While you do not have much control over the speed of your basal metabolism, you can control how many calories you burn through your level of physical activity. The more active you are, the more calories you burn. Actually, some people who are thought to have a fast metabolism are likely just more active and maybe more fidgety than others.

You can burn more calories with:

  • Regular aerobic exercise. Aerobic exercise is the most efficient way to burn calories and includes activities such as walking, bicycling and swimming. As a general goal, include at least 30 minutes of physical activity in your daily routine. If you want to lose weight or meet specific fitness goals, you may need to increase the time you spend on physical activity even more. If you can’t set aside time for a longer workout, try 10 minute chunks of activity throughout the day. The more active you are, the greater the benefits.
  • Strength training. Strength training exercises, such as weightlifting, are important because they help counteract muscle loss associated with aging. Since muscle tissue burns more calories than fat tissue does, muscle mass is a key factor in weight loss. (Please understand that weightlifting does not require the use of excessively heavy weights, Successful results are derived from the form used, the tempo of the exercise and the rep and set count).
  • Lifestyle activities. Any extra movement helps burn calories. Look for ways to walk and move around a few minutes more each day than the day before. Taking the stairs more often and parking farther ways at the store are simple ways to burn more calories. Even activities such as gardening, washing your car and housework burn calories and contribute to weight loss. (So give the staff the day off and get to work)!

Do not look to dietary supplements for help in burning calories or weight loss. Products that claim to speed up your metabolism are often more hype than help, and some may cause undesirable or even dangerous side effects. Dietary supplement manufacturers are not required by the Food and Drug Administration to prove that their products are safe or effective, so view these products with caution and skepticism, and always let your doctors know about any supplements you take.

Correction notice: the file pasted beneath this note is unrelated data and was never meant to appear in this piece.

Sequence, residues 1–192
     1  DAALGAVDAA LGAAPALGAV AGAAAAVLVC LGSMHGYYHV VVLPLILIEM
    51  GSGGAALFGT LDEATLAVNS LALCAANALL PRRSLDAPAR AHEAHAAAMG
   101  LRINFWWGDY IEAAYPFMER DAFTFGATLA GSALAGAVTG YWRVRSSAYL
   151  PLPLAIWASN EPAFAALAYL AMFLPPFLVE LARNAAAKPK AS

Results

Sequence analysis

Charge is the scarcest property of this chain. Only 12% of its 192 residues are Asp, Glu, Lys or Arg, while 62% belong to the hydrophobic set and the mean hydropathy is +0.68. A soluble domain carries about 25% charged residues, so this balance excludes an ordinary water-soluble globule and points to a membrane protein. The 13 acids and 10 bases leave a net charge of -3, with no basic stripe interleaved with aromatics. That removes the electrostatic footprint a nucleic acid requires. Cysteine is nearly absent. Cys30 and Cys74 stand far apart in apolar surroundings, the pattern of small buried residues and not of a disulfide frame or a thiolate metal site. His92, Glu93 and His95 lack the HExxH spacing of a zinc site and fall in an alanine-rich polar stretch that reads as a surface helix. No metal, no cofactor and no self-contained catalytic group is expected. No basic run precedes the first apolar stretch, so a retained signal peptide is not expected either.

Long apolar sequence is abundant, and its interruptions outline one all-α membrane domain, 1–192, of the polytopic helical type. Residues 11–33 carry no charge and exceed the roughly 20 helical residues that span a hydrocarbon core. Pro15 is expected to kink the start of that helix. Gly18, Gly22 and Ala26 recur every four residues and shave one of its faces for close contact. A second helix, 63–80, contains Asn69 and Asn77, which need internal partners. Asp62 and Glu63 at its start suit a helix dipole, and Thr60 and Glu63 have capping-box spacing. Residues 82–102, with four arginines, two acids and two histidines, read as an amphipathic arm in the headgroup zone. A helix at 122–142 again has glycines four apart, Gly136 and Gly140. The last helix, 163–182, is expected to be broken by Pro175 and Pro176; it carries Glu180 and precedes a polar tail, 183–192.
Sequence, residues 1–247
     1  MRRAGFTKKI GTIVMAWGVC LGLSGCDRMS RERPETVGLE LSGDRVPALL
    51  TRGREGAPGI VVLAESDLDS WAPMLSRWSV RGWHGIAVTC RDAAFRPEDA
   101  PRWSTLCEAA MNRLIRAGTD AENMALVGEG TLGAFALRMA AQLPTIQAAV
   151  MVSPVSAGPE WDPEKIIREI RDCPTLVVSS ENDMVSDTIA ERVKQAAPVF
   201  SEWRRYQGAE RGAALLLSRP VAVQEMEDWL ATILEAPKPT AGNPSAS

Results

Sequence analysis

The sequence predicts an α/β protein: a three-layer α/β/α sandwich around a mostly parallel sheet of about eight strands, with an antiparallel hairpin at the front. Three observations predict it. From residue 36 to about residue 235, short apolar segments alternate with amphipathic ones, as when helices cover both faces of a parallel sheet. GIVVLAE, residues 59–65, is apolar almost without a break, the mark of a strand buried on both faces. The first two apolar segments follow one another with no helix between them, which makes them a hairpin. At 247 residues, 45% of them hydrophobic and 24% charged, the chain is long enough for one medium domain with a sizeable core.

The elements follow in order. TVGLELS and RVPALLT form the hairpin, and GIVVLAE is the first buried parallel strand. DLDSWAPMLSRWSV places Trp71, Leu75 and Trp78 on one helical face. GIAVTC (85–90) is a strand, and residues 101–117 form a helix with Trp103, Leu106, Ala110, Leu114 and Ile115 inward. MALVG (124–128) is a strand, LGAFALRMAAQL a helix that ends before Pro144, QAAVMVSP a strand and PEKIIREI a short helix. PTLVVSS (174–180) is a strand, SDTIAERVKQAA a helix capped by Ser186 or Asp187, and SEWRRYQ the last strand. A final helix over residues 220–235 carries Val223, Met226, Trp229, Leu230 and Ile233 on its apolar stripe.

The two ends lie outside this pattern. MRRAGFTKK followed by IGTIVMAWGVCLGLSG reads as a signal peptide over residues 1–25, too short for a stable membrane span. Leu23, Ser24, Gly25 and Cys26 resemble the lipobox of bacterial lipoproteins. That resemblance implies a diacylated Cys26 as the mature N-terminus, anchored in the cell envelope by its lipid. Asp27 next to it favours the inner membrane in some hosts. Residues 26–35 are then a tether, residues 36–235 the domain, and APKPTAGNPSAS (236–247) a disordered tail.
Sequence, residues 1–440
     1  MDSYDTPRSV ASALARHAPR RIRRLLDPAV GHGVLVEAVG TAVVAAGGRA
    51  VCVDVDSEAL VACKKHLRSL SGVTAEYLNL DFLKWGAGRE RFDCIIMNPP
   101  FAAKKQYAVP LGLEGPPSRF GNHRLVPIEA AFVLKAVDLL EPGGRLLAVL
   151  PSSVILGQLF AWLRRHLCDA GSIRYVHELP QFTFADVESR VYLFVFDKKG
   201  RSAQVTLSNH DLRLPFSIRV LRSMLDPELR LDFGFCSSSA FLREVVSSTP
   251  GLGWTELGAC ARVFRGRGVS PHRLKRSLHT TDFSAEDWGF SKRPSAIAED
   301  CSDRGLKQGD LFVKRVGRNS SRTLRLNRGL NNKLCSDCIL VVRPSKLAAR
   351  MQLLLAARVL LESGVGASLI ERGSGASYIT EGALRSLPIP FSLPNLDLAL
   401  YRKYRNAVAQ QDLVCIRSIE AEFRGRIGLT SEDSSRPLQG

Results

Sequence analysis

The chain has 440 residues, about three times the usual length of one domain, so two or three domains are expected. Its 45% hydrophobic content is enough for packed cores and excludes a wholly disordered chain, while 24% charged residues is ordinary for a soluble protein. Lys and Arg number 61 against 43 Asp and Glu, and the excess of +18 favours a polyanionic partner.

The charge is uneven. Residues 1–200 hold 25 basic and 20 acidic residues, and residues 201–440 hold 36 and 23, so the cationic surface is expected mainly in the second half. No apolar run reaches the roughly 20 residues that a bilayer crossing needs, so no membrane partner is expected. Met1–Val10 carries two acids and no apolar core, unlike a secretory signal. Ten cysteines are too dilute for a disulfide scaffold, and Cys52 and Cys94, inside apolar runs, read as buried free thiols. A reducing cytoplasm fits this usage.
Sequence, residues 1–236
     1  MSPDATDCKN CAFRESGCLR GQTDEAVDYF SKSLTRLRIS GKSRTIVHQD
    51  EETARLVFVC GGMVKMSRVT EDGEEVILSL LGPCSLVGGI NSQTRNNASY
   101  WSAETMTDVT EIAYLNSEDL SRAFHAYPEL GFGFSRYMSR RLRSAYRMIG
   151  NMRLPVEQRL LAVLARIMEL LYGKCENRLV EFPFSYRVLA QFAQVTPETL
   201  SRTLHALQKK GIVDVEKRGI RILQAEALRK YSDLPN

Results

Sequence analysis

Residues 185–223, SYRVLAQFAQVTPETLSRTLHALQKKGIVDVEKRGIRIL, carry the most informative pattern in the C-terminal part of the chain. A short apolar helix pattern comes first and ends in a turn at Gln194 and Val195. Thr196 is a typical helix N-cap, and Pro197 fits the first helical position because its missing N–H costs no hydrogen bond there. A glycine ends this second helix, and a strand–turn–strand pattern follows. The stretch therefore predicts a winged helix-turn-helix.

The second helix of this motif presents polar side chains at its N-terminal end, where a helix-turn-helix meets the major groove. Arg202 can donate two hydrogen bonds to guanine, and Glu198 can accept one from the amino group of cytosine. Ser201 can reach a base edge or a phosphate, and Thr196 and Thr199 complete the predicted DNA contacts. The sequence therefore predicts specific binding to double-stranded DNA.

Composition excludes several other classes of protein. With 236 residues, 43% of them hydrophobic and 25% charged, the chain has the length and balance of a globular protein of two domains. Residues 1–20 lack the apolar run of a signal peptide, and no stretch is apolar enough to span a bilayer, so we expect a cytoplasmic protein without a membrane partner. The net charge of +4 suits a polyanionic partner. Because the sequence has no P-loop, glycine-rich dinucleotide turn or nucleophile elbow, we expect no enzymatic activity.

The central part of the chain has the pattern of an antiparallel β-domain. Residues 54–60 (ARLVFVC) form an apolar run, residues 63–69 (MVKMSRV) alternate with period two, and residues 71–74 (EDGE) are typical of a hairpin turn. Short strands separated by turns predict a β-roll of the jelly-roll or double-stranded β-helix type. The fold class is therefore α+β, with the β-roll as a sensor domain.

There is no easy way to lose weight. The foundation for weight loss continues to be based on physical activity and diet. Take in fewer calories than you burn, and lose weight.

Knowledge is increasing about all of the mechanisms that impact appetite, food selection, and how your body processes and burns food. Your health care provider can help you explore interventions that can help you lose weight.

Wow! That is a lot of information and I am happy to share it with you. However, rest assured that this information comes from a source far smarter than me. I can try to recreate the wheel and be much more original but my goal is to provide you with the most current and reliable information available. Therefore, I search for articles like this one from reliable sources that agree with my own personal philosophy. This article is a result of a study conducted by Mayo Clinic Staff and their resources. Although I concur with and promote these findings, credit for the research and presentation goes the Mayo Clinic Staff.

Now, put that donut down and take a walk!